Wow!I hope there is metal under that shingle behind your chimney.A shingle back pan… :frowning:

The above photo shows what is likely your problem. There should be a saddle (or at least a diverter) and metal flashing on backside of chimney. It still looks like the flashing work was done after the chimney was installed, which is why the mortar above the metal flashing looks like crap. I’m afraid you need to have someone cut into your chimney and properly flash the roof before resetting the stone around base of chimney at roof level. If you let this problem continue, you will soon have damage to your stucco that needs repair (if you don’t already). In fact, I’d be surprised if you aren’t growing mold in your wall cavity, though you may not know it unless you are sensitive to mold.

Yes, I definitely need a new roof. I was just hoping to buy some time to save up and cover the cost. Only one estimate from a “high-end” roofer so far, but it was way beyond my budget. I’m lining up some additional estimates next week.

One comment that is not clear to me is “counter flashing is not properly installed behind the building paper on the chimney chase”. I don’t understand how this works. My house is 90 years old and that is the original chimney. To my knowledge it is just stone all the way through or at least that is how it appears to me from inside the attic. Should there be some type of liner barrier within the chimney or is this referring to something that is on the roof and then curves up the side of the chimney, like the tar paper?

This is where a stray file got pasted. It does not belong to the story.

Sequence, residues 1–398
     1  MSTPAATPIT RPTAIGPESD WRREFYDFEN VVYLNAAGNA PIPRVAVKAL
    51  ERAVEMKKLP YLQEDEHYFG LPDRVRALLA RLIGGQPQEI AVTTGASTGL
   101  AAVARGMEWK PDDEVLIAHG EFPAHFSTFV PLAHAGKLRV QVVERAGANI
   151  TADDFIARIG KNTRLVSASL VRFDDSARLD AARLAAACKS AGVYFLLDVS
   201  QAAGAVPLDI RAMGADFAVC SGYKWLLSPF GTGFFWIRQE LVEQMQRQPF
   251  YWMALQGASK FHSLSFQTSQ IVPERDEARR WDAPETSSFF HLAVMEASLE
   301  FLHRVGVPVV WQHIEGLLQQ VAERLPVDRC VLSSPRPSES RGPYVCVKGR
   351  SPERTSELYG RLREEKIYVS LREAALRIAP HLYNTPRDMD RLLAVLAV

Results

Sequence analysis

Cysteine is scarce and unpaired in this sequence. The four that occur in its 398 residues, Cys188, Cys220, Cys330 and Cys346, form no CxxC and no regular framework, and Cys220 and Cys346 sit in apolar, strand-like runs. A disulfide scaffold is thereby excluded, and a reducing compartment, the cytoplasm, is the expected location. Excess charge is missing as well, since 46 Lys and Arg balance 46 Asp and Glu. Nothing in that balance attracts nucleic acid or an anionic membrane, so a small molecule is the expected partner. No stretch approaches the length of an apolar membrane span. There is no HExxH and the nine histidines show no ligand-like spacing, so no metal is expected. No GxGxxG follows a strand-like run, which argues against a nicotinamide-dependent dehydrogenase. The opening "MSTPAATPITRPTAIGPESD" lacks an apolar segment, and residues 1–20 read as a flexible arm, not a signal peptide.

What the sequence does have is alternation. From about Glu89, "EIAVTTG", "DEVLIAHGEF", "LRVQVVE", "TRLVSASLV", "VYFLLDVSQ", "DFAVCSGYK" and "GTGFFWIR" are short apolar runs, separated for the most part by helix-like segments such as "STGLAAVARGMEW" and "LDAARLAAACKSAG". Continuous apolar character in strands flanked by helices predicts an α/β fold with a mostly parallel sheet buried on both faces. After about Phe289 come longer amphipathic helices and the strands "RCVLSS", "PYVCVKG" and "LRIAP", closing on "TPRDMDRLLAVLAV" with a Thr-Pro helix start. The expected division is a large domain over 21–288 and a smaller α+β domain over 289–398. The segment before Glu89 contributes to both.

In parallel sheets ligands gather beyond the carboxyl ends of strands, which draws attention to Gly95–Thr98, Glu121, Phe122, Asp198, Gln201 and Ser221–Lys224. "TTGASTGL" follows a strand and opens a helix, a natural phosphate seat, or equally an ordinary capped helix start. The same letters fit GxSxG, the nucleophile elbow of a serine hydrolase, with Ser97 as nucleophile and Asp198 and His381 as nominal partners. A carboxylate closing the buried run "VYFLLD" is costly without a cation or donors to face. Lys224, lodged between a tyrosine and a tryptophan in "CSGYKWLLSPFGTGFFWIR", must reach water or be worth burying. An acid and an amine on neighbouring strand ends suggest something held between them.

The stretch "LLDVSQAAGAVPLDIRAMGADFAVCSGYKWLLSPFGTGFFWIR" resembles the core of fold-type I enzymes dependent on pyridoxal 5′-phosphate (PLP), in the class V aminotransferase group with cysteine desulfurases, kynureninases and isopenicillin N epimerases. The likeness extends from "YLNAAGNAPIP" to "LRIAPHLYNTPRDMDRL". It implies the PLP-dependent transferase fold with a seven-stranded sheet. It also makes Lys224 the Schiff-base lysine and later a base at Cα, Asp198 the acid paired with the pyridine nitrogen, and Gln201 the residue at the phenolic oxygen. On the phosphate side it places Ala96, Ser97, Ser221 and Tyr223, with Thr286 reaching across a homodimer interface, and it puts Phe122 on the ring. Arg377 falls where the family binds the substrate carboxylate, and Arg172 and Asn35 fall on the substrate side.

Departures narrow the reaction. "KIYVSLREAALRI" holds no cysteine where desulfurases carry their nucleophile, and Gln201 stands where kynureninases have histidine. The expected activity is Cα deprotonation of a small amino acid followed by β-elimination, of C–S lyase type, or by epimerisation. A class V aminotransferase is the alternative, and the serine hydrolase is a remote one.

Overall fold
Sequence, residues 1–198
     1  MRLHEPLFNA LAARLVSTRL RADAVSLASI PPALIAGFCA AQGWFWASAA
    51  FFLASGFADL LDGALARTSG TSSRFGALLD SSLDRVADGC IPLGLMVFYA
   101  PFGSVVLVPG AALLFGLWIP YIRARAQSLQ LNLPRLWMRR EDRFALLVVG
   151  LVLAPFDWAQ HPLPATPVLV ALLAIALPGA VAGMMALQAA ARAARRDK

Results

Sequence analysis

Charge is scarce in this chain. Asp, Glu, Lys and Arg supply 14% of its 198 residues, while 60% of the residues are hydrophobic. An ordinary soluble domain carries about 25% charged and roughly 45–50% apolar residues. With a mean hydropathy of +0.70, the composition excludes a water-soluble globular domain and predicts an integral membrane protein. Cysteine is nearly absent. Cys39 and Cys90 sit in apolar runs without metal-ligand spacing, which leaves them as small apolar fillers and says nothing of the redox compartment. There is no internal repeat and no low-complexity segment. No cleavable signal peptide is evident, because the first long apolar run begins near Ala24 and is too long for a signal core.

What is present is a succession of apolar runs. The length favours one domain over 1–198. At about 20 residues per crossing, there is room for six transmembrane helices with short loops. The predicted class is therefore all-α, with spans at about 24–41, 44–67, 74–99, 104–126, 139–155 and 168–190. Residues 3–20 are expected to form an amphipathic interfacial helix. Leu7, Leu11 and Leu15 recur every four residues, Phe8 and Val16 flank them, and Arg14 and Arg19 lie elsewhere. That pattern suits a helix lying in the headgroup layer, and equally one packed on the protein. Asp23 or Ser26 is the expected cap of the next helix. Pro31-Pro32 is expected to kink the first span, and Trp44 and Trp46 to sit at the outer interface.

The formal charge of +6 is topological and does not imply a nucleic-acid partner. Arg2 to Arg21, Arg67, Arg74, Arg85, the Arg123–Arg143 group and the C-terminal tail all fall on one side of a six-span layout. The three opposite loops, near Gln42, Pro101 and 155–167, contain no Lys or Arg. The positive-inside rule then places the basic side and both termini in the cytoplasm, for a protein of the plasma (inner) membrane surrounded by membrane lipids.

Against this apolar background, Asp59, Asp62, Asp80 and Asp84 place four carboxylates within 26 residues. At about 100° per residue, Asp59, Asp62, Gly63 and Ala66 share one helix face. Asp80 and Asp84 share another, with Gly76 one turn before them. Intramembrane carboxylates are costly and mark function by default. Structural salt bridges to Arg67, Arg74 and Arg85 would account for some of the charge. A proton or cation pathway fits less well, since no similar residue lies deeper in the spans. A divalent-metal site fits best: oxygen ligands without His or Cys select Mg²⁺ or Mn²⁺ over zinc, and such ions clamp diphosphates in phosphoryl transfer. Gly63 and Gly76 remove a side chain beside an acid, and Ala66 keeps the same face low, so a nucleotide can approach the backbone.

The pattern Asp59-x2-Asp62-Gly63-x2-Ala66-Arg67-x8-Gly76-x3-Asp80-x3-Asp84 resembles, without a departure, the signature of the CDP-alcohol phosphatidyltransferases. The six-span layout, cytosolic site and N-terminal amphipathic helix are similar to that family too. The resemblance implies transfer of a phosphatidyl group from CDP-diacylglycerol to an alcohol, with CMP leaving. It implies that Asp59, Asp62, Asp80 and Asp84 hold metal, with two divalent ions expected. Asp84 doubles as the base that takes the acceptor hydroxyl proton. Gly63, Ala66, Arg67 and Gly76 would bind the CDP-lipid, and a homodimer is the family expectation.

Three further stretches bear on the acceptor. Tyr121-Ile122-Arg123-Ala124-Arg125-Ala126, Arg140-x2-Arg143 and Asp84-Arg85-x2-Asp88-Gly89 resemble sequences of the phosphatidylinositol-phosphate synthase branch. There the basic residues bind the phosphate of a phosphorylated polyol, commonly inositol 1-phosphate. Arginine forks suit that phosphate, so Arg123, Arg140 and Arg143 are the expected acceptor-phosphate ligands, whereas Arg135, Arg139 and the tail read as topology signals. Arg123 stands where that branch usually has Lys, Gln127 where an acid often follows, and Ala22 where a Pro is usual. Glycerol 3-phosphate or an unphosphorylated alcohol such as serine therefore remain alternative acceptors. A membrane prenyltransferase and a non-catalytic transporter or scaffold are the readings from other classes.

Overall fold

Thanks again for all of the feedback; this is exactly what I was looking for.

Cerberus- The mortar at top of the chimney was extremely deteriorated when we bought the house, so we had the entire chimney repointed. The flashing was not done at this time and had I known better I would have had the flashing replaced then as well. A few months after the repointing the flashing was leaking through to the attic and was replaced. The old flashing was covered in several layers of roof tar. The roofer ripped all of that off and replaced it with what is in my pictures. He then did the mortar work around the top of the flashing, not the original mason who pointed the rest of the chimney.

I had the roofer out several months ago to take a look at the wet stucco and the flashing job. According to him everything looks good (a cricket was not necessary) and the problem is the water getting through the stone and mortar. This guy came pretty highly recommended, so obviously I am disappointed in the result of his work; it was not a cheap job.

Here is my 2 cents, The Chimney flashing is all wrong needs to be redone with new like everyone says. But know one has addressed the staining above the chimney and by the view of the “full house photo” it seems to go all the way up to the ridge. On one of the pictures the shingles are curved upward especially more at the top end it appears not to have any rake starter and also its nailed over wood shingles and I am guessing no felt which makes it worse for leaks. I have seen water, especially with wind, run down and under the shingles at the rakes it hits the outside wall and run down thats why his not seeing any water in the attic above the chimney. That looks like a close soffit. Open a section up to see if there is any water stains or evidence of a leak. My Guess is yes

Good Luck.